Subscribe to a Weekly Series

Posted on October 28, 2004 (5765) By Shlomo Katz | Series: | Level:

Parshas Vayera

The Beauty Within the Shadows

Volume 19, No. 4
15 Marcheshvan 5765
October 30, 2004

Sponsored by
Rabbi and Mrs. Sam Vogel and family
in memory of father and grandfather
Aharon Yehuda ben Yisroel a”h (Leon Vogel)

The Katz family
in memory of
Avraham Abba ben Yitzchak Zvi Hakohen Katz a”h

Mrs. Rochelle Dimont and family, on the yahrzeits of
grandmother and great-grandmother, Chaya Sarah Tarshish a”h
mother-in-law and grandmother, Chana Dimont a”h
father and grandfather Rabbi Elazar Tarshish a”h

Today’s Learning:
Berachot 8:3-4
O.C. 301:16-18
Daf Yomi (Bavli): Kreitot 14
Daf Yomi (Yerushalmi): Kiddushin 6

The Midrash relates that as Avraham, Yitzchak and two servants traveled to the as yet unspecified site of the akeidah / the binding of Yitzchak, Avraham saw a cloud hovering over a distant mountain. Avraham recognized that this cloud was a sign from Hashem as to where Avraham should take his son to offer him as a sacrifice. Avraham then asked Yitzchak, “What do you see?”

Yitzchak answered, “I see a beautiful mountain with a cloud hovering over it.”

Next Avraham asked the two servants what they saw. They answered, “We see a barren wasteland.”

To this Avraham responded (Bereishit 22:5), “Stay here by yourselves with the chamor / donkey while I and the lad go until koh / there.” The Midrash elaborates, “Stay here by yourselves for you are like a chamor / donkey, whereas I and the lad will go on in fulfilment of the verse, “Koh / thus [like stars] will your offspring be.”

R’ Yitzchak Yaakov Reines z”l (1841-1915; Rosh Yeshiva in Lida and founder of the Mizrachi) explains: Avraham wanted to know whether his son Yitzchak could see the light that shines through the darkness of exile and martyrdom. Yitzchak could see; he told his father, “I see a beautiful mountain. True, there is a cloud hovering over it, but the dark shadow of that cloud does not detract from the beauty that I see.”

In contrast, Avraham’s servants couldn’t share Yitzchak’s world view. All that they could see was a dark, barren wasteland. Avraham therefore consigned them to the world of the chamor, symbolic of the chomer / materialism which obscures from some people’s view a proper understanding of the world.

Avraham and Yitzchak, both of whom could see the beauty within the shadows, left behind the materialistic servants and went “until koh” – to the fulfilment of the verse, “Koh / thus will your offspring be.” Those who can see the beauty within the shadows even as they go to their martyrdom are the true stars that shine, as Hashem had promised Avraham. (Ohr Chadash Al Zion, Part VI, Ch. 2, p. 107b)

The beginning of our parashah finds Avraham sitting at the entrance to his tent recuperating from his brit milah and being visited by Hashem Himself. Suddenly, Avraham sees three “men” – they actually were angels – approaching, and he takes leave of Hashem and goes off to welcome and care for his guests. We learn from here, say our Sages, that hachnassat orchim / taking care of guests takes precedence over seeing the “face” of the Shechinah / the Divine Presence.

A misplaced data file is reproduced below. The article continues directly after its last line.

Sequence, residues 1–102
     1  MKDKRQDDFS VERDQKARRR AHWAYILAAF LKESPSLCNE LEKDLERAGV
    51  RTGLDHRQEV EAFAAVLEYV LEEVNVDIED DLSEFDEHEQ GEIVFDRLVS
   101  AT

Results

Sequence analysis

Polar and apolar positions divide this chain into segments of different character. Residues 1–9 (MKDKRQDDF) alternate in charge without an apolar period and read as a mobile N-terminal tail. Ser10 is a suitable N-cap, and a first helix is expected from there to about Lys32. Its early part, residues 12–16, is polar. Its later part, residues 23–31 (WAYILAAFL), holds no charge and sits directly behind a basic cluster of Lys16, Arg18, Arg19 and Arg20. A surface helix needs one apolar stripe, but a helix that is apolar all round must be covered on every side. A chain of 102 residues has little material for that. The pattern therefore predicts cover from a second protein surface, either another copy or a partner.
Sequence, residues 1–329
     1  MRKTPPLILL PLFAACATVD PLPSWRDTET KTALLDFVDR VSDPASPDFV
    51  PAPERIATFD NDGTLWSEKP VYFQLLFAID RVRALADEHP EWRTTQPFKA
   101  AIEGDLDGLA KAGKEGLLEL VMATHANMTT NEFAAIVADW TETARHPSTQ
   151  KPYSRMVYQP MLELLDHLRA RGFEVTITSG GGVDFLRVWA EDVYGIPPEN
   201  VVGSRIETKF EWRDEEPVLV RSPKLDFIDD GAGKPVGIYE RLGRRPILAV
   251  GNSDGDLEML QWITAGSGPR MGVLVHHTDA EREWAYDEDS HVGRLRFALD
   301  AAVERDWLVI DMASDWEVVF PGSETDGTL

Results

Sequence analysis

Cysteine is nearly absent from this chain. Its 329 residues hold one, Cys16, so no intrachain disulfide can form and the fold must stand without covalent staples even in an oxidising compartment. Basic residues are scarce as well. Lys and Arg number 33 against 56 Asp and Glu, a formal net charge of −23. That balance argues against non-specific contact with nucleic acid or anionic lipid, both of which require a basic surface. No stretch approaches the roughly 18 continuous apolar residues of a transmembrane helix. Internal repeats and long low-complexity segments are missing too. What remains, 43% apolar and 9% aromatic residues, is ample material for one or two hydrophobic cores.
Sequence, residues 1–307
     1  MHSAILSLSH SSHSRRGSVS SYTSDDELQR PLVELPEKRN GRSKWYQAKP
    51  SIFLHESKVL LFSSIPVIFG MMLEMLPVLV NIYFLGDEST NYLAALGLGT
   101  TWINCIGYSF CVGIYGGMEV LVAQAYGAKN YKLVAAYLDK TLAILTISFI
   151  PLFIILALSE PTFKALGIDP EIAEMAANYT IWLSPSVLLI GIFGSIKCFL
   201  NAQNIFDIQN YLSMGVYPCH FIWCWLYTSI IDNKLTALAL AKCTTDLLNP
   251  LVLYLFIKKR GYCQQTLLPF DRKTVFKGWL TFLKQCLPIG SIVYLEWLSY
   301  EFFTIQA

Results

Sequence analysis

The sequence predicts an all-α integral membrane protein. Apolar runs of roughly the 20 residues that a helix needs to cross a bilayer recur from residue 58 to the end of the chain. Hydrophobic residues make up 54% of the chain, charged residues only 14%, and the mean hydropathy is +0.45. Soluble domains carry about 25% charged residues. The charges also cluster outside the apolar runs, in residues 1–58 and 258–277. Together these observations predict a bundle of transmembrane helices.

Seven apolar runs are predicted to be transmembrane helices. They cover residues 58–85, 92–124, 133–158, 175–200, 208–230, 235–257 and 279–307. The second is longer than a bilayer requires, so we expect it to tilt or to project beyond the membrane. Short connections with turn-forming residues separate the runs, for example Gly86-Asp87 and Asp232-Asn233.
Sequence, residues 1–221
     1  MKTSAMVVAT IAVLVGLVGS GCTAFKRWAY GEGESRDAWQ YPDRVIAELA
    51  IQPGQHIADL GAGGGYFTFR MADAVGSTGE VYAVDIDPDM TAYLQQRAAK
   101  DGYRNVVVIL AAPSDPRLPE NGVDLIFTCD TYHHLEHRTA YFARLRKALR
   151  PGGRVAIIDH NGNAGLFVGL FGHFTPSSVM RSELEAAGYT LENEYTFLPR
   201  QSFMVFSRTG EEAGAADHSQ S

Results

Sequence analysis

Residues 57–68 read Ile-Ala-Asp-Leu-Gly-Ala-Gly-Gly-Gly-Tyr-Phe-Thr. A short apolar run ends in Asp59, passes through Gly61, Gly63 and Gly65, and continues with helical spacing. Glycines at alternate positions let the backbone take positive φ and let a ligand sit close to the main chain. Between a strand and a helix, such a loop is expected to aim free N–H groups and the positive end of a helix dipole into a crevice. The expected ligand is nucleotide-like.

R’ Yaakov Yosef z”l (1843-1902; Chief Rabbi of New York) writes: We also learn from here that there is a mitzvah of doing kindness even toward someone who is not in need. This stands in contrast to the mitzvah of tzedakah, which is fulfilled only if the recipient is in need. Avraham’s guests were angels, and angels have no needs. Yet, Avraham left the presence of the Shechinah to care for them. Will you argue that Avraham did this only because he thought the guests were human? This cannot be, for Hashem would not have caused Avraham to err and to do unknowingly what he would not have done willingly had he known that his guests were angels. (Avraham would not have stopped speaking to Hashem to do something which was not a mitzvah, for example, giving tzedakah to those who are not needy.) Rather, the mitzvah of hachnassat orchim applies even if the guests do not need hospitality. Why? Also, we are taught that Avraham excelled in the mitzvah of hachnassat orchim. Why was he attached to this mitzvah in particular?

Chazal teach that Avraham was the first person to call Hashem, “Adon” / “Master.” Avraham recognized that Hashem is our Master and we are His servants. This is the reason for Chazal’s teaching that no reward for mitzvot is given in this World. We are all servants, and we serve without pay. [We will, of course, be paid in Olam Haba / the World-to-Come.] Hashem cares for us whether we are “rich” (in mitzvot) or “poor” (in mitzvot). Avraham’s hachnassat orchim emulated that of Hashem, who cares for all of His “guests” without regard to their need for charity.

The midrash observes that the angels appeared to Avraham as men – indeed, as idolators – but they appeared to Lot in their true form. Lot would not have taken ordinary idolators into his home, but Avraham’s hachnassat orchim, like Hashem’s, did not discriminate. (L’vait Yaakov, Drush 27)

“Hashem appeared to him in the plains of Mamre . . .’ (18:1)

Rashi asks: Why did Hashem appear to Avraham on Mamre’s property? [Mamre was one of Avraham’s three allies, as mentioned in last week’s parashah.] Because, says Rashi, it was Mamre who advised Avraham al ha’milah — literally, “regarding the circumcision.”

Many commentaries ask: Since Hashem had already told Avraham to circumcise himself, why did Avraham ask anyone’s advice? R’ Shem Klingberg z”l (chassidic rebbe in Krakow; killed in the Holocaust in 1943) answers: Many mitzvot are preceded by berachot, some of which take the form “al . . .” (for example, “al netilat yadayim”) and other which take the form “le . . .” (for example, “le-hadlik ner shel Chanukah”). The Gemara (Pesachim 7b) discusses at length why some berachot take one form and some take the other. One of the blessings which the Gemara analyzes is the blessing on circumcision– i.e., whether the blessing should be “al ha’milah” / “regarding the circumcision” or “la’mul” / “to circumcise.”